If you think really hard, you can remember milestones in your life with almost perfect clarity - your first kiss, the first time you had sex, weddings, funerals and all the other important moments in your life. When I think really hard I can remember the first time I saw a Nine Inch Nails video on MTV (Head Like A Hole) or the first time I heard Radiohead on our local altern-rock radio station. Things like this are my milestones. Thanks to the Internet they are happening less frequently these days.
There was a time in America where you would hear a song on the radio, love it, and be afraid to walk away from the speaker for fear you would miss the DJ announcing who was performing. In this way people were first introduced to rock and roll, punk, and heavy metal. In the early 1980s MTV began its broadcast, mostly playing Rod Stewart and the Buggles, they later introduced people like me to Tool, NIN and KMFDM. Thanks to "alternative" radio stations and shows on MTV like Headbangers Ball and 120 Minutes people who, like myself, grew up on the outskirts of the modern club scene could find new music and perhaps find their musical niche without having to hunt for it in an independent record shop or the Internet.
In the last few years music on the Internet has been a pretty hot issue in the media, most notably the Napster case, where thanks to the small file size of the MP3 format, you could get CD quality sound in a few minutes of download time. MP3 was a great step for technology and free information, however I believe that it was a step backward in terms of musical variety being available to the masses.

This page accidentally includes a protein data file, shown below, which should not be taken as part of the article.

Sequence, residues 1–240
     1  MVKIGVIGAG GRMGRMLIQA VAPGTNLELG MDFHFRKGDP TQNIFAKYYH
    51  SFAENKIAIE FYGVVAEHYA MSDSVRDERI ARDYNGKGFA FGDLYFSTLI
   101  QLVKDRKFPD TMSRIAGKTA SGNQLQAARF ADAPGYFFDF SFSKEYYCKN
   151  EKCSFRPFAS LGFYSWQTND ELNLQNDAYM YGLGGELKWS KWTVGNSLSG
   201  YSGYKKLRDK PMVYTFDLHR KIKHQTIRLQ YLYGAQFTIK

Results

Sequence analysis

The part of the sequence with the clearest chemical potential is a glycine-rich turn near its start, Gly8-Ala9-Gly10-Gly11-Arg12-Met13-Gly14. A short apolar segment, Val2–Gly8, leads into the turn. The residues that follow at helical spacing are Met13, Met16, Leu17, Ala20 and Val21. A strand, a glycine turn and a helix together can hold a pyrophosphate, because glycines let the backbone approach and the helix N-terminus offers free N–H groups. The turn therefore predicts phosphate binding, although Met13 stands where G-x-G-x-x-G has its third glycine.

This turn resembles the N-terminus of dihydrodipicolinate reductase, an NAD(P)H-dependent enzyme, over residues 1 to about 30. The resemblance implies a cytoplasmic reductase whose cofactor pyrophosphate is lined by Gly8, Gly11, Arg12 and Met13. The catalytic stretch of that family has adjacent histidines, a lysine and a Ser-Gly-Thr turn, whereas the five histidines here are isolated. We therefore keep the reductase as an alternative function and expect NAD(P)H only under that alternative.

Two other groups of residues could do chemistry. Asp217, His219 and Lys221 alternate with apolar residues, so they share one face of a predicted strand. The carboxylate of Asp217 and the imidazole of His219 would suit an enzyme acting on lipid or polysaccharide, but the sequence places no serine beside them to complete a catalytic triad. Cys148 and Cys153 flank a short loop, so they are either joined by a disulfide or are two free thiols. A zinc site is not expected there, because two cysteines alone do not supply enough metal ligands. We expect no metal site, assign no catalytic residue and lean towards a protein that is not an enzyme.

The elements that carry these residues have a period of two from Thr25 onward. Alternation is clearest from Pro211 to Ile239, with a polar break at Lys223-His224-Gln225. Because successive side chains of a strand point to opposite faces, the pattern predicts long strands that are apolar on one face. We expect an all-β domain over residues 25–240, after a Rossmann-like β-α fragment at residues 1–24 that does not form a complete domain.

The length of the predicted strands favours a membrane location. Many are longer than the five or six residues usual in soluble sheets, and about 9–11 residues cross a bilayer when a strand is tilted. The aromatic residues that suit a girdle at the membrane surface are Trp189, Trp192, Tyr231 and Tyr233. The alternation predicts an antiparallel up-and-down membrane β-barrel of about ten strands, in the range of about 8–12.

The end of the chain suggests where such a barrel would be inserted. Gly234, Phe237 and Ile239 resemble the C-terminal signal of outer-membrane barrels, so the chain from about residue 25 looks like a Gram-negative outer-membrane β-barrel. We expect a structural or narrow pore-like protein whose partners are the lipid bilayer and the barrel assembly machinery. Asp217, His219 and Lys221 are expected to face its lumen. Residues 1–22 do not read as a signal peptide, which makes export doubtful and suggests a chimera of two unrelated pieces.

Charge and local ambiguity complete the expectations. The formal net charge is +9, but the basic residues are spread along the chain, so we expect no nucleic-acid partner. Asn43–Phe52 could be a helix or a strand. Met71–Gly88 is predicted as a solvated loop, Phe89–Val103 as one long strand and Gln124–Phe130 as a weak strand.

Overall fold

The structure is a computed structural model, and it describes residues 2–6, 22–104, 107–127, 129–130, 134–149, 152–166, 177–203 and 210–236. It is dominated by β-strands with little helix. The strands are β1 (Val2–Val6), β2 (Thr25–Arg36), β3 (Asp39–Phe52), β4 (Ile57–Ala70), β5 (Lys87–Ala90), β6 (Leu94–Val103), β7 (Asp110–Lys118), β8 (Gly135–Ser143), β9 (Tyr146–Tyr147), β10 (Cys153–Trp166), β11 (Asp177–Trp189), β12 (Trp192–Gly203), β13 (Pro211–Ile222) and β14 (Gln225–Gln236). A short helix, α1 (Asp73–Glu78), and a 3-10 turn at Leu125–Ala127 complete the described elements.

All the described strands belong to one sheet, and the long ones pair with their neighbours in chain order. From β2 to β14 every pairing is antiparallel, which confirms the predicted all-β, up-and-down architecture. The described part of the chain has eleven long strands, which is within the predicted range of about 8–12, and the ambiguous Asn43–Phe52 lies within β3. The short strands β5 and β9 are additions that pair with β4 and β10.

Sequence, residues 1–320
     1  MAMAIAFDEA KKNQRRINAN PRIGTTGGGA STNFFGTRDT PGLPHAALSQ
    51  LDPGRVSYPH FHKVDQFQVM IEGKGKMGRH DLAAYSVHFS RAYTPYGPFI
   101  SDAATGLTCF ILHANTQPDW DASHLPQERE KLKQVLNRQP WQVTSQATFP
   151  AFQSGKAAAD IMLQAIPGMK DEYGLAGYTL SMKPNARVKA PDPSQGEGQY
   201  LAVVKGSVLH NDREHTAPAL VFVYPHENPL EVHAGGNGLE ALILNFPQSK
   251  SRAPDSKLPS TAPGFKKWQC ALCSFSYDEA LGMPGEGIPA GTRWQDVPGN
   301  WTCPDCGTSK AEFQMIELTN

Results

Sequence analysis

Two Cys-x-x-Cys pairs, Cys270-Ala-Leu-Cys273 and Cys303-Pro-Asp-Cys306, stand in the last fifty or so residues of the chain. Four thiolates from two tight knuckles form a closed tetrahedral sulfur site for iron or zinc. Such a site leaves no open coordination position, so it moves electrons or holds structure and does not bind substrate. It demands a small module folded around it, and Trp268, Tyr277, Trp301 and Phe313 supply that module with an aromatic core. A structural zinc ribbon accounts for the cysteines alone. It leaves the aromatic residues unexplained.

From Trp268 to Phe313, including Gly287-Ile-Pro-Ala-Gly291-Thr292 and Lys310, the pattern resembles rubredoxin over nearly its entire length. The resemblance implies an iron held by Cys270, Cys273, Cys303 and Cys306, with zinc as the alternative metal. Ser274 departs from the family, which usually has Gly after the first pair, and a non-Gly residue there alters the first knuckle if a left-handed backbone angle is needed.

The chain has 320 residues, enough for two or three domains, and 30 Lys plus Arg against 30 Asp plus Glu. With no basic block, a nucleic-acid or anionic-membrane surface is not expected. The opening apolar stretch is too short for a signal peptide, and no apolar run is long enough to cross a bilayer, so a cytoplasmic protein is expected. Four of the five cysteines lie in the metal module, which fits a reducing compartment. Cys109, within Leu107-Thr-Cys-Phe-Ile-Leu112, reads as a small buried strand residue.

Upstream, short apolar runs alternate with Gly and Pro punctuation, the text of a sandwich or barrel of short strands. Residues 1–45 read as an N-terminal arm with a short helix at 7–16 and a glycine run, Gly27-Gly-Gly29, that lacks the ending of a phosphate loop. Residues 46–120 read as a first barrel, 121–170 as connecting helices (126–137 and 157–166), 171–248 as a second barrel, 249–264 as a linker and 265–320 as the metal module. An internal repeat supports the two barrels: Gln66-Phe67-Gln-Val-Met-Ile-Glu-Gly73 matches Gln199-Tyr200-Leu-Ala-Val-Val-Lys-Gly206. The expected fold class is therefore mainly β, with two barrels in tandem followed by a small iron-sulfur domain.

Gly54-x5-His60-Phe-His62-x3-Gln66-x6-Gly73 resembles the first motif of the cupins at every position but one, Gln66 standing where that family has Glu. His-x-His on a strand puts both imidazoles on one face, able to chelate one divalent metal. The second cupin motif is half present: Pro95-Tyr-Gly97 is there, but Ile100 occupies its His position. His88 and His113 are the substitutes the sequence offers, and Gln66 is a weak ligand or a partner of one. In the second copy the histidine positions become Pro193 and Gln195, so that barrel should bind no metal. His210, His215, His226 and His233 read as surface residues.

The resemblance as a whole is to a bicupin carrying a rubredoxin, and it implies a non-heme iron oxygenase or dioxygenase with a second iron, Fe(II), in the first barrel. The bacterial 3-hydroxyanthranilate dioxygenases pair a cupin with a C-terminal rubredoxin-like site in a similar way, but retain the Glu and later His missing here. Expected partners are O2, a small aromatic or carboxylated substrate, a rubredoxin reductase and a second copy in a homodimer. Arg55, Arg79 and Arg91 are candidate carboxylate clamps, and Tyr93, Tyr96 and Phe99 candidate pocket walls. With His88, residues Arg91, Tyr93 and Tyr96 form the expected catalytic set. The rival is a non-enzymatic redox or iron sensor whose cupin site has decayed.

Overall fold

Thanks to how relatively easy it is to find any track from any band online, radio stations and music television stations are ignoring the music that may not sell them advertising time. Headbangers Ball and 120 Minutes are no more, very few radio stations bother playing stuff that is not already established in the United States, and our teenage generation think that their only options are angry rock/rap or pop if they are white, and gangster rap if they are black. The problem we are running into is that on the executive level the companies responsible for bringing the new music to the masses know that N*Sync is guaranteed to bring in advertisers, where as Apoptygma Berzerk is unlikely to draw anyone, since no one has easy access to his sound or others like him.
And why should they take the risk? Why risk exposing people to whatís really new and exciting in the music world? I say, because thatís what you are there for. DJs from the 1950s and 60s risked their jobs to play the new sounds that were emerging at those times, because there was no other place for the American people to be exposed to it. Now we have MP3, and radio stations can say that if you want to hear the un-tested music you should just go download it. It almost makes sense, but the sad fact is that if I have never heard of VNV Nation, what are the odds I will fall upon their webpage by chance and find out I like them?
So, again I ask you to think back to the milestones in your life, and ask yourself, when is the last time you heard Front 242 on the radio or saw a video for the newest Skinny Puppy single? But fear not, you can always download it, if you know what to look for.
Elijah Non Grata
- NIN official
- KMFDM official
- Radiohead official
- Apoptygma Berzerk official
- Skinny Puppy
- Front 242 official
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